As the Stanley Cup Finals creep closer, as does the draft and offseason. That means teams who missed the playoffs or those eliminated early are gearing up for roster changes. The most recent edition of 31 Thoughts had plenty of tidbits on those potential moves and in the newest OT, I take a look at a few that stood out.
If you haven’t read last week’s 31 Thoughts you can catch it here.
1. Pittsburgh will never rebuild as long as Sidney Crosby is around. But defeat does not sit well in that corner of Pennsylvania and there is need for renovations. You can understand the eye-rolling that comes with Evgeni Malkin trade rumours, but several other clubs believe there is something to this — that, at the very least, the Penguins are determining the feasibility of the idea.
GM Jim Rutherford declined comment, but hinted at it in a couple of local interviews last week. Malkin has a no-move clause, yet the buzz is that he’s taking some time to decompress and think about a.) if he’d agree and b.) where he’d agree to go to. That would be a short list, maybe the Rangers and Florida? The bigger hurdle might be Mario Lemieux, with The Athletic’s Josh Yohe reporting sources have told him Lemieux is against the idea. For the Penguins to consider this, the return must be good enough to keep them in contention now.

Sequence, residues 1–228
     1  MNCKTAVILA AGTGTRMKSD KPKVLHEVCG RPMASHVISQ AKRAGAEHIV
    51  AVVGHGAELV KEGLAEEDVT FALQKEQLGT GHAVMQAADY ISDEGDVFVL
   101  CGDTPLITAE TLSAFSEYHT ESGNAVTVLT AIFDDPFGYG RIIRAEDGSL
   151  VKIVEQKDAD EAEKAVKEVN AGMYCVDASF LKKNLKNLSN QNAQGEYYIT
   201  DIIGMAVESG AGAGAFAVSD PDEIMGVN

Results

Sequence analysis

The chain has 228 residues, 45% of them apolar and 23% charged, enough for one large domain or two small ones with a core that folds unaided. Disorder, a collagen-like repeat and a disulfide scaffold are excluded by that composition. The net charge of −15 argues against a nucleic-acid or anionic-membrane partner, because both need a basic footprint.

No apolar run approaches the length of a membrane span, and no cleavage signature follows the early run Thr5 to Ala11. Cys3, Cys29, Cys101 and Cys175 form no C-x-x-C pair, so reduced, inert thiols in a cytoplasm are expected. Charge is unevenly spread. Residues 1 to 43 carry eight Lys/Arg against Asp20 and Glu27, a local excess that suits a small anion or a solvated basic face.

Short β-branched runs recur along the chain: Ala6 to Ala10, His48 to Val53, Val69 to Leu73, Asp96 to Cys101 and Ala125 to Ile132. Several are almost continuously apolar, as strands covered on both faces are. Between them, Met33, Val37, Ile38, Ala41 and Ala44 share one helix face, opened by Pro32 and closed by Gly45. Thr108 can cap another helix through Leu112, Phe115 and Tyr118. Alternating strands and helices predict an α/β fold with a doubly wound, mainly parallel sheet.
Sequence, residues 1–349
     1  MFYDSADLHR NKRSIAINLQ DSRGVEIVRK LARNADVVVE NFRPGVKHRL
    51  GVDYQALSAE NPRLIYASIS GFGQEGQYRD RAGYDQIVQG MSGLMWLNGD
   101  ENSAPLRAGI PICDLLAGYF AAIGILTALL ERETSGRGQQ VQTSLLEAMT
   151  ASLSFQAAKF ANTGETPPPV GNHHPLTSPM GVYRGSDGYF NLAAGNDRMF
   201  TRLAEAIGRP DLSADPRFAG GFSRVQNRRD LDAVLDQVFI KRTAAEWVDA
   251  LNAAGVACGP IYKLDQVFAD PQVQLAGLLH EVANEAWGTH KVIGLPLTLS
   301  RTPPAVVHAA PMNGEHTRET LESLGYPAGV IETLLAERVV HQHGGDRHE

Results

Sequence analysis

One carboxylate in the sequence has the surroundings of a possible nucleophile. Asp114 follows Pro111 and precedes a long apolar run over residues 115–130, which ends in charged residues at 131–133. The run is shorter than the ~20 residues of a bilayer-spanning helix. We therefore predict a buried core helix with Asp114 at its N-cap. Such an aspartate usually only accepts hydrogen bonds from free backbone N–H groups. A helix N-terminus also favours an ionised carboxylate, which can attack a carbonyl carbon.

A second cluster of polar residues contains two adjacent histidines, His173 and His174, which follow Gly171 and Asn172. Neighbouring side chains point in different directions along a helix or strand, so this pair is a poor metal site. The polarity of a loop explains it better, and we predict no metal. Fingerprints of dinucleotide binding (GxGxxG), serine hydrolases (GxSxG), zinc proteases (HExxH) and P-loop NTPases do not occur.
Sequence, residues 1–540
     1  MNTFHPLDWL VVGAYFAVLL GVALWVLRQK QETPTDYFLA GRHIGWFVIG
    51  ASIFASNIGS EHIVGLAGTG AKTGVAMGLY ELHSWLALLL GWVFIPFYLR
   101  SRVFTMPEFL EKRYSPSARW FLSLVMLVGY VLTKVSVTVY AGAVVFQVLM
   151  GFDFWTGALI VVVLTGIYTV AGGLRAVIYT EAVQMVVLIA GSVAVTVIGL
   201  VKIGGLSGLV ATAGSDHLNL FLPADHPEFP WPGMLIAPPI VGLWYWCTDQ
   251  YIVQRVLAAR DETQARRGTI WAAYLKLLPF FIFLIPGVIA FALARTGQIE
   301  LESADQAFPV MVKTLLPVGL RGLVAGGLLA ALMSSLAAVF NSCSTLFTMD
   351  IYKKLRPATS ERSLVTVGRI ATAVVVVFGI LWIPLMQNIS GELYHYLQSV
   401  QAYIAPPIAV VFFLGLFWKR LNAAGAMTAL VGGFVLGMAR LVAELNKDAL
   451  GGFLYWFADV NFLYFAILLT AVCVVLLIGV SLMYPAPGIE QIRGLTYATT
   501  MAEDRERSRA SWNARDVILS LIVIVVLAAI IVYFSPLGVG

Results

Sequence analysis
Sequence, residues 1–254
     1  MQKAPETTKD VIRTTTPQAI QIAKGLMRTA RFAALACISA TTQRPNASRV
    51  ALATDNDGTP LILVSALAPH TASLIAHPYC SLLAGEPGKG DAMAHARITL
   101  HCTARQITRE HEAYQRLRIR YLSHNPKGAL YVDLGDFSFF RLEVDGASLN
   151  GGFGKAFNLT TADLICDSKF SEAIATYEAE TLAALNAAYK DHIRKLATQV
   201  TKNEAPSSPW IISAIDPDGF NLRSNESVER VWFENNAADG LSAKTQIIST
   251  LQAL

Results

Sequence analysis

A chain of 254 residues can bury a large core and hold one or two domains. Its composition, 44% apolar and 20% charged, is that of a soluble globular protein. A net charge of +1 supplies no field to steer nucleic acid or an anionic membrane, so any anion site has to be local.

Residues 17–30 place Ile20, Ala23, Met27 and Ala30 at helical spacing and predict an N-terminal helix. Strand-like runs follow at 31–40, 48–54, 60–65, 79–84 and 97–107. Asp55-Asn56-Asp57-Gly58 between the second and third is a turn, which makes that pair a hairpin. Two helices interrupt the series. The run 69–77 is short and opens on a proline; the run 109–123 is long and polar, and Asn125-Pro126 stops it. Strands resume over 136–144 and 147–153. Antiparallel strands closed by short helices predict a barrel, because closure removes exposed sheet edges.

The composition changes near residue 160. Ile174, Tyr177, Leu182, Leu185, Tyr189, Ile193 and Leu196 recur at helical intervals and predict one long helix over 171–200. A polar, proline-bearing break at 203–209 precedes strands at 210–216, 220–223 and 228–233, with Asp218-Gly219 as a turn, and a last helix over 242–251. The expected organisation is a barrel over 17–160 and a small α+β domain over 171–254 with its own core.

That the Penguins are possibly (maybe?) entertaining moving Malkin is mindboggling to me. I can see how the logic may lead Jim Rutherford to moving him. By dealing Malkin for another superstar or a package of effective players would spread the wealth through Pittsburgh’s lineup. But we’ve seen four quarters not equaling a dollar far too many times in today’s NHL. Look no farther than the current fallout from trading Ryan O’Reilly.
Malkin himself is a step above O’Reilly, if not multiple steps. Somehow he’s 32 years old, which means I’m officially “This Guy is How Old?” years old. So that’s a little depressing. Even at 32 he still produced at an impressive clip – just over a point per game and that was considered a down season. Friedman mentions Florida or the Rangers as destinations. Unless they’re getting Ekblad and Huberdeau for him, what’s the point? Personally, I think this is all smoke but given Rutherford’s penchant for blockbusters I won’t rule anything out.
7. Buffalo interviewed Dave Tippett for its coaching vacancy, and word is that went very well. Jacques Martin was in there, too, and Swedish National Coach Rikard Gronborg is expected to be in the mix. After a great regular season their AHL affiliate, Rochester, was swept by Toronto in the first round of the Calder Cup playoffs. Word is they were very impressed with the job Sheldon Keefe did, and it wouldn’t be a stunner if they asked to talk to him. There is a belief they don’t want a first-time hire, but Keefe could test that.